Sharing the “Real” Civil War

Interpreting Gettysburg 150 Years Later

A sunset as seen from the Union position on Little Round Top, with a statue of Gen. Governeur Warren.

A sunset as seen from the Union position on Little Round Top, with a statue of Gen. Governeur Warren. Photo © Appalachianviews/Dreamstime.

Several years ago, Gettysburg National Military Park interpretive ranger and historian D. Scott Hartwig shared the following story. He was near the old Zeigler’s Grove visitors center when an English couple, spotting his Park Service uniform, stopped to ask a question. They had toured the battlefield, visited nearly every monument and statue, and seen the Electric Map. They had read about Little Round Top, Pickett’s Charge, and the copse of trees. They knew that a large and important battle had taken place here in the surrounding fields and the nearby town.

Still they had one burning question: “What exactly were you chaps fighting about in the first place?”

Our Civil War was a watershed event. It led directly to the freeing of more than four million enslaved people and resolved the question of a house divided against itself in a cataclysm of violence that killed more than 700,000 people. The causes and consequences of that bloody four-year struggle are with us to this day and we ignore or neglect the study of this period in American history at our own peril.

Why, then, were our two English cousins, as well as countless other visitors, so unclear on the root causes of the war after spending  so much time at the nation’s premier outdoor classroom on the subject?

Our collective fascination with the Civil War often brushes past the complex underlying issues of race, slavery, and politics, to focus exclusively on bullets, bayonets, and tactics; an approach that influences what we highlight and how we explain to ourselves and others what happened during the war. We do this because it is easier to talk about who shot whom, where, and with what kind of weapon, than to have more challenging conversations about the root causes of the conflict. This was certainly the underlying theme of the centennial of the Civil War (1961-1965), and for a time, folks were reasonably worried that the commemorative events of the 150th anniversary would follow a similar path.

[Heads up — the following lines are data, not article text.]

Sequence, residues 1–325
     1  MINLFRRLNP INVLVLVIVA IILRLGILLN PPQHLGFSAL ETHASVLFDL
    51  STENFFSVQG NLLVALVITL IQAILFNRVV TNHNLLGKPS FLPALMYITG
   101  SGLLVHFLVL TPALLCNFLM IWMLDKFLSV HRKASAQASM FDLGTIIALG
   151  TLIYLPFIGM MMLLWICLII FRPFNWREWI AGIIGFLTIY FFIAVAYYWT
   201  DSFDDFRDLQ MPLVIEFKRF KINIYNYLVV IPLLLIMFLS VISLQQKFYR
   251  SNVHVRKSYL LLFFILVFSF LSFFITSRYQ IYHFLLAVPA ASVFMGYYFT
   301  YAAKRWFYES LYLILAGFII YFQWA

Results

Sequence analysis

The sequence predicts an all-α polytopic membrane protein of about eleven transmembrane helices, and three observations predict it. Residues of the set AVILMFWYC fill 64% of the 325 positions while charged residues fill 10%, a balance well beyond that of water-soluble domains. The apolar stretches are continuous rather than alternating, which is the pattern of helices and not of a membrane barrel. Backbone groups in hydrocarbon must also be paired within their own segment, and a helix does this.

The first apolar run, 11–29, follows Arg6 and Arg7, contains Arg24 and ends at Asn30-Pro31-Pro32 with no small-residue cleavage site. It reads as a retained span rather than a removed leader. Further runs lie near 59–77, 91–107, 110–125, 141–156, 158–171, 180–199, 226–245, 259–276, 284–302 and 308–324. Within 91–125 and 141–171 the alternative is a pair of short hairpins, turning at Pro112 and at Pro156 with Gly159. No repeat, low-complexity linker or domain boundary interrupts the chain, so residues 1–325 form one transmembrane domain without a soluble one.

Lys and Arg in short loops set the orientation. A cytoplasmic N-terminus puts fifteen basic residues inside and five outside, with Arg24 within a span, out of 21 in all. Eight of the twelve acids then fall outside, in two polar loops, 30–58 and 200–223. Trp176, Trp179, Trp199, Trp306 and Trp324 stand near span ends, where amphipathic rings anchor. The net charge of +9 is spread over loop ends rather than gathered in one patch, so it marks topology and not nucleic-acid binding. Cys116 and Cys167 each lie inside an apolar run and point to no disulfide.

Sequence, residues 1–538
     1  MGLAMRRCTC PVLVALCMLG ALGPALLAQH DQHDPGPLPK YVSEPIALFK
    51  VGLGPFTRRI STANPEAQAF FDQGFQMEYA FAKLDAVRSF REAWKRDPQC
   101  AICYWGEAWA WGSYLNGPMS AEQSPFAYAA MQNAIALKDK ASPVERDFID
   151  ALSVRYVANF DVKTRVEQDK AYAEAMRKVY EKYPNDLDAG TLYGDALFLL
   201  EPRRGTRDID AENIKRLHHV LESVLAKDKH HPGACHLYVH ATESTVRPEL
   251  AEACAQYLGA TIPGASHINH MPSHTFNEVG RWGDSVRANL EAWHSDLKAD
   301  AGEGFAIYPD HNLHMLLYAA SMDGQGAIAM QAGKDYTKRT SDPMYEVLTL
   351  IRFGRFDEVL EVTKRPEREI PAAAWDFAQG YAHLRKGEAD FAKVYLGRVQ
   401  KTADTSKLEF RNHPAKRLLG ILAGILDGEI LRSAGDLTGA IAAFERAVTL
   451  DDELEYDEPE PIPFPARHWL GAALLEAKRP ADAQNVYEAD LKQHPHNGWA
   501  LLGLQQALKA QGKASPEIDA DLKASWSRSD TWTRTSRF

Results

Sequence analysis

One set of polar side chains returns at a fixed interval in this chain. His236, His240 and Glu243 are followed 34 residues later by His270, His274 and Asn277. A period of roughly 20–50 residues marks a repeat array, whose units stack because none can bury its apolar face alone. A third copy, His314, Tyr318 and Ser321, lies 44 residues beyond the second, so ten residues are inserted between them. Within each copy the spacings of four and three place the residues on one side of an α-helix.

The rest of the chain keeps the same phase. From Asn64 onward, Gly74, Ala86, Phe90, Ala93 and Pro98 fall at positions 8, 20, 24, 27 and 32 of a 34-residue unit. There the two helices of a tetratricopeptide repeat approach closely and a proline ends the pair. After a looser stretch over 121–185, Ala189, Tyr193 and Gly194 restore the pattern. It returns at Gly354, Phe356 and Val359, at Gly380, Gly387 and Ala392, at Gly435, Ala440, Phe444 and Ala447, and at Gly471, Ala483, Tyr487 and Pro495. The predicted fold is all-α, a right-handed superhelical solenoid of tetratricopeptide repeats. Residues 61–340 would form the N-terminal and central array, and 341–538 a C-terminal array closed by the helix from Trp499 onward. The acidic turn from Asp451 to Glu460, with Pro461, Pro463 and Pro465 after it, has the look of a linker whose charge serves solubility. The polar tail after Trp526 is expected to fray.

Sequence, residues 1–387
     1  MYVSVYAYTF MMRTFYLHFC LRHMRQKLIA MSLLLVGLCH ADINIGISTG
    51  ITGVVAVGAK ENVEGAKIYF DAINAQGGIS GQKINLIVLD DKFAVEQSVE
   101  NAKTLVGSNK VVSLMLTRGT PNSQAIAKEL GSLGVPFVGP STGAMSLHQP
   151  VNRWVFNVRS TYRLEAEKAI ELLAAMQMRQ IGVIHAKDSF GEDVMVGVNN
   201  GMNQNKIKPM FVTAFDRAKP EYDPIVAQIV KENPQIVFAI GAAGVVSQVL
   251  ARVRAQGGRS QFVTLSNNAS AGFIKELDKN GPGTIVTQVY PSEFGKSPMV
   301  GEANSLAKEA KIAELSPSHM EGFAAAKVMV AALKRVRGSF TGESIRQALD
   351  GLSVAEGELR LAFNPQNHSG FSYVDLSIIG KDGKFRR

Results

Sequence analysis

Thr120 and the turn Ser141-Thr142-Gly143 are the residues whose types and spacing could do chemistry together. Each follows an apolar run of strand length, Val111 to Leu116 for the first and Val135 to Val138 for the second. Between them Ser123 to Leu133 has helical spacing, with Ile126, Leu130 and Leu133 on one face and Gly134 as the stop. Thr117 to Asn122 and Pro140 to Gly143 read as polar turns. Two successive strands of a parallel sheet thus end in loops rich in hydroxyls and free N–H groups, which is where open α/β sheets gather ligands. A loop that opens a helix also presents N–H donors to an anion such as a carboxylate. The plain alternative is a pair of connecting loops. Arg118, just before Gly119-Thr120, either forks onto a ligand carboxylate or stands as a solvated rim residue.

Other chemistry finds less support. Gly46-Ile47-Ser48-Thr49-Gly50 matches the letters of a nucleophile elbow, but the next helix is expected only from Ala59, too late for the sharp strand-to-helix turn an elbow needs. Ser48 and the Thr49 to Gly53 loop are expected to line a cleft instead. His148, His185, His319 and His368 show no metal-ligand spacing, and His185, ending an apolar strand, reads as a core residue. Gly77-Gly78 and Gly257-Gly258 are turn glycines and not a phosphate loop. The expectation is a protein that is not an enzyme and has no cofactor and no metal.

Enter the National Park Service.

 

Determined to expand the interpretive array of American Civil War history, NPS has done a fine job over the last two decades of making that story more inclusive and accessible to a wider spectrum of the American public. At Civil War battlefield sites across the country more emphasis was placed on telling the story of individual soldiers, preferably rendered in their own words. The struggles, challenges, and contributions of women on the home front and the battlefield were brought into sharper relief. And at Gettysburg National Military Park, rangers developed and led walking tours, highlighting the history of the town’s sizeable 19th century free African-American population and the significant role Adams’ County played in the Underground Railroad.

Thanks to the National Park Service’s scholarly and interpretive forums, we have a better, broader, and more inclusive understanding of the causes and consequences of the Civil War. As we commemorate the 150th anniversary of the Battle of Gettysburg, legislation is pending before Congress (S. 782 in the Senate and H.R. 1513 in the House) that would expand the battlefield to include the Lincoln Train Station and 45 acres of land near Plum Rum. The Gettysburg National Military Park Expansion Act ensures that the National Park Service will be able to protect and preserve key sites associated with the battle in perpetuity and aid in enhancing public understanding of this epic event.

We do not need to eliminate bullets, bayonets, and tactics from Civil War interpretation. But we should take every effort to broaden our concepts about what constitutes “real” Civil War history and what doesn’t. The next Battle of Gettysburg is already being fought to win the hearts and minds of new generations of Americans who may not embrace the old ways of thinking about battlefields. Advancing these bills and supporting the continued efforts on the part of the National Park Service to broaden our understanding of the Civil War must be key components of any successful Civil War sesquicentennial. Our English cousins and millions of Americans are counting on it.

Learn more about pending legislation affecting Gettysburg National Military Park on NPCA’s website.

About the Author

Cultural Resources Director Alan Spears

Alan Spears joined NPCA in 1999 and currently serves as NPCA's cultural resources director and a lobbyist for the NPCA's government affairs department. He has served as the staff lead or co-lead on successful campaigns to establish the Fort Monroe, Harriet Tubman, Delaware First State, and Colonel Charles Young National Monuments. Alan previously helped win introduction and passage of the National Underground Railroad Network to Freedom Funding Reauthorization Act of 2008, which helped raise the authorized funding limit for this program to $2.5 million per year. Alan has a B.A. in American History with a concentration in Women’s Studies from Clark University (Worcester, MA) and an M.A. in American History from Howard University (Washington, DC) where he wrote a thesis on the Washington, D.C., Race Riot of 1919. Alan was born and raised in Washington, DC.

  • http://roleplay.sugel.net/ Virgie Holder

    —On July 2, 3 and 4, at 7:30 p.m. visitors may gather for a program titled Voices of the Battle where we’ll hear the voices of soldiers and civilians describing their experiences during the battle and aftermath.